As Virginia enters Phase 3, event venues split on path forward
Health guidelines, and public demand, both major concerns
ROANOKE, Va. (WDBJ) - Wednesday, Virginia officially entered Phase Three of reopening. That means, among other things, major event spaces are allowed to reopen, hosting concerts and conferences for the first time in months.
There are still plenty of restrictions. At least ten feet of space needs to be maintained between performers and patrons. Any interactive exhibits or events are banned. And plans have to be in place to keep guests from bunching up in lines, among other things.
As a result, it’s a mixed bag in Roanoke: some of the area’s largest event venues are choosing to reopen, and some, like the Jefferson Center, are not.
“We have some options in the Fall, but I think they’re unlikely to go through,” said executive director Cyrus Pace.
Pace says with the social distancing requirements in place during Phase Three, opening wouldn’t make financial sense, not to mention the health risks.
“So if you took our main hall, which is 900 seats, and said that every ticketed party had to be six feet apart, we’d only be looking at 160, 170 people that could be in that hall,” he said.
The Jefferson Center isn’t alone in holding off. In a statement, a spokesperson for the Berglund Center told WDBJ7 while they have a few consumer shows coming up, “the current state of our industry indicates that most live entertainment and sports events won’t begin to gear up until after the first of the year.”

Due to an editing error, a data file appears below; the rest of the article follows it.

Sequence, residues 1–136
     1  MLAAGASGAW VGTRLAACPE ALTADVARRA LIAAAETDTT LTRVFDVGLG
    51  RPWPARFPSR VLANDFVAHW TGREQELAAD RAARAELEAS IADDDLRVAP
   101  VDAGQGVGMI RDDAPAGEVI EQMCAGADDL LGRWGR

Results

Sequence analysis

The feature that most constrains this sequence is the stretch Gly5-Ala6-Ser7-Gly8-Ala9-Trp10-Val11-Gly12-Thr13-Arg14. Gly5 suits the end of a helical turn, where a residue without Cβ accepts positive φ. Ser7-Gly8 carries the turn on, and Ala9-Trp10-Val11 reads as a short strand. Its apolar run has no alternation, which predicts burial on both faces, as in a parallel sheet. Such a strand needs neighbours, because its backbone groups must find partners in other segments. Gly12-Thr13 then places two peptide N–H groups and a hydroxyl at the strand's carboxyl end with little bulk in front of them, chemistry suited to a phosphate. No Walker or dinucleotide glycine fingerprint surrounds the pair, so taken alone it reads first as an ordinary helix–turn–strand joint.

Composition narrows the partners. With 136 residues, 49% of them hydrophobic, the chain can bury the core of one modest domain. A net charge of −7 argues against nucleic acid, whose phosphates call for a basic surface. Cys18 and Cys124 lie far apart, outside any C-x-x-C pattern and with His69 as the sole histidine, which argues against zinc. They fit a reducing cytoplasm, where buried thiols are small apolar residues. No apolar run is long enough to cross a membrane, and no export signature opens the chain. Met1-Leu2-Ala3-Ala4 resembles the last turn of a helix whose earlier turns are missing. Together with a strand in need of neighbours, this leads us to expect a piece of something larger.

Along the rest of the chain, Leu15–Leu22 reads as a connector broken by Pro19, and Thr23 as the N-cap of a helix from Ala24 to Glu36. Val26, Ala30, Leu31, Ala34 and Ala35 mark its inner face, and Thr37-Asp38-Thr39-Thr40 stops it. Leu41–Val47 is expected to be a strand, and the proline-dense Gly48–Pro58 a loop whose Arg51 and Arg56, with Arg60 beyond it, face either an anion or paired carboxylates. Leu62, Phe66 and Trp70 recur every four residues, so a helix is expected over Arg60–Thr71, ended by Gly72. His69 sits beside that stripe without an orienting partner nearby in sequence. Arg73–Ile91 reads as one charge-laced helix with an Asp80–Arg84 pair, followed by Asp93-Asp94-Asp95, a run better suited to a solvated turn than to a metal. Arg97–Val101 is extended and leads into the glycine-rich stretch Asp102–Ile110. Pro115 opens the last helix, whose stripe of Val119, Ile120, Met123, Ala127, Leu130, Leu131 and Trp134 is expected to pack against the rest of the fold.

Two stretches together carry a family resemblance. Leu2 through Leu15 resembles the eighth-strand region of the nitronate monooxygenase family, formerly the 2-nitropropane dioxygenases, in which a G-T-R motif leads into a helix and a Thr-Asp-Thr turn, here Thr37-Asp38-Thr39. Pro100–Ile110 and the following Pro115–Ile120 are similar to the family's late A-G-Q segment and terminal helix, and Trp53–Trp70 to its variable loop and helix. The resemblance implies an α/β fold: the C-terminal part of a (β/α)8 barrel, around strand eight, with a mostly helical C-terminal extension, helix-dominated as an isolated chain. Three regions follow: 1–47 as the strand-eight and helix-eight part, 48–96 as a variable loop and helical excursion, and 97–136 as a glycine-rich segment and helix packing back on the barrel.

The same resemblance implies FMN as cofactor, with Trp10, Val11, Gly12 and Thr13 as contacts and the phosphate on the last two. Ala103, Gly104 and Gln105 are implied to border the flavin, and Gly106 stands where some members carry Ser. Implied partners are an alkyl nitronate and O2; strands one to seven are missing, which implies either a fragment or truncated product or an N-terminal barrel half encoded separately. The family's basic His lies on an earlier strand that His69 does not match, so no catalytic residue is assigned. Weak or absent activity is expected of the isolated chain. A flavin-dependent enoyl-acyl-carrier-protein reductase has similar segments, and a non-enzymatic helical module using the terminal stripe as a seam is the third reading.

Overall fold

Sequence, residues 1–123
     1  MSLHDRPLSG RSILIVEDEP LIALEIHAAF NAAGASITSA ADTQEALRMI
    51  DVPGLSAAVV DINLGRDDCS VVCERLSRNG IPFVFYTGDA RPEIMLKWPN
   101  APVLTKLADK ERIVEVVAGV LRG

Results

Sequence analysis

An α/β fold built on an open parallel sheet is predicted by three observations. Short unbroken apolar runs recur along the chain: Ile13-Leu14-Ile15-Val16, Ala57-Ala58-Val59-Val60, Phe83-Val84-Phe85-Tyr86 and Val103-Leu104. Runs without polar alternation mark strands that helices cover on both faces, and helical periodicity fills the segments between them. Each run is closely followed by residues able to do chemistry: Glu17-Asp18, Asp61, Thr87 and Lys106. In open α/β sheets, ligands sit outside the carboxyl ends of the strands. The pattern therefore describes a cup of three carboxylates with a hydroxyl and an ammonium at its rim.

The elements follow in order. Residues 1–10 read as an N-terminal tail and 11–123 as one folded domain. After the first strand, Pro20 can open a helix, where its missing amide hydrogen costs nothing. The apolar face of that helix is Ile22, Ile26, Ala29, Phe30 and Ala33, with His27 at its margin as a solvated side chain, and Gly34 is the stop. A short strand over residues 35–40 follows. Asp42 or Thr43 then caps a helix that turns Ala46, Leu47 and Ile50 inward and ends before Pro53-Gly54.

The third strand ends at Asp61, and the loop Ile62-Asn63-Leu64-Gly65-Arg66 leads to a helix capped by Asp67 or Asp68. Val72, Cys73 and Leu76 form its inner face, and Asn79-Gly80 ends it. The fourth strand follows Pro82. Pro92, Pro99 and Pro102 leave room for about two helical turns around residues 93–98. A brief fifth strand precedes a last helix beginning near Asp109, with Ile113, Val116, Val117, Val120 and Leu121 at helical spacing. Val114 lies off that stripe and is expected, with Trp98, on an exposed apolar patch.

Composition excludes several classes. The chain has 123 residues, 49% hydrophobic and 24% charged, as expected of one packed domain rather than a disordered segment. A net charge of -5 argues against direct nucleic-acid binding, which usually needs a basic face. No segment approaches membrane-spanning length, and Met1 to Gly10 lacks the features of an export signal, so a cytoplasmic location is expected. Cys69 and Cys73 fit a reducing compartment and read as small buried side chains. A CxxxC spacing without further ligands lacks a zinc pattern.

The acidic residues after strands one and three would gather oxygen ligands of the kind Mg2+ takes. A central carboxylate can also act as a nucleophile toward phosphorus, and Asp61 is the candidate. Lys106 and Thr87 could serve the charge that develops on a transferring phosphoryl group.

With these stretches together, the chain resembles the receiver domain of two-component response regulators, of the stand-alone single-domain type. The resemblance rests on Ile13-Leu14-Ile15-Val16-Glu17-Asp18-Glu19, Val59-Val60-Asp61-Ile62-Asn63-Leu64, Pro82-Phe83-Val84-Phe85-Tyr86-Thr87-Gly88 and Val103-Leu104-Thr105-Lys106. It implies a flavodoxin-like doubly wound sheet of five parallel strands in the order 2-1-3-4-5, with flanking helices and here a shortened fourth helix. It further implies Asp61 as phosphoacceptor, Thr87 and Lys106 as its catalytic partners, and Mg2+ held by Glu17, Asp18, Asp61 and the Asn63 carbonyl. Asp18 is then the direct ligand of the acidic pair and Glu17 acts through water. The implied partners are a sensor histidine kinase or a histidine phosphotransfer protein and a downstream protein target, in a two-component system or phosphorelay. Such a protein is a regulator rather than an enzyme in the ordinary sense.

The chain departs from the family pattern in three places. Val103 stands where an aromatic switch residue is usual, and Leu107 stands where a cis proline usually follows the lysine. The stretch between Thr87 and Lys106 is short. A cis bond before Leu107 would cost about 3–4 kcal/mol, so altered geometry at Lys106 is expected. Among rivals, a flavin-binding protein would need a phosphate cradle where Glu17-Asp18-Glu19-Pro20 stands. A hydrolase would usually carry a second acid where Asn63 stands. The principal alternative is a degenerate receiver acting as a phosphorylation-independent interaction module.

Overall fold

Some, however, are pushing forward.
“We’re really excited to get open. Our first event is July the 10th, coming up next Friday,” said Waynette Anderson, President of Dr Pepper Park.
Anderson says during that event, a Kenny Chesney tribute, the park will host up to 1,000 guests, the maximum now allowed by law.
“We’re taking a number of precautions to allow for social distancing, and touch free-surfaces. All of those good things,” she said.
Roanoke City’s Elmwood Park is also open for business. Officials say anyone who hosts an event there will be responsible for enforcing health and safety guidelines.
Back at the Jefferson Center, Cyrus Pace says for him, reopening will depend on two things: government guidance and consumer demand.
“And that’s the hardest part of this,” said Pace. “Many people are 100 percent sure they’re ready today, and many people are 100 percent that they’re not ready today.”
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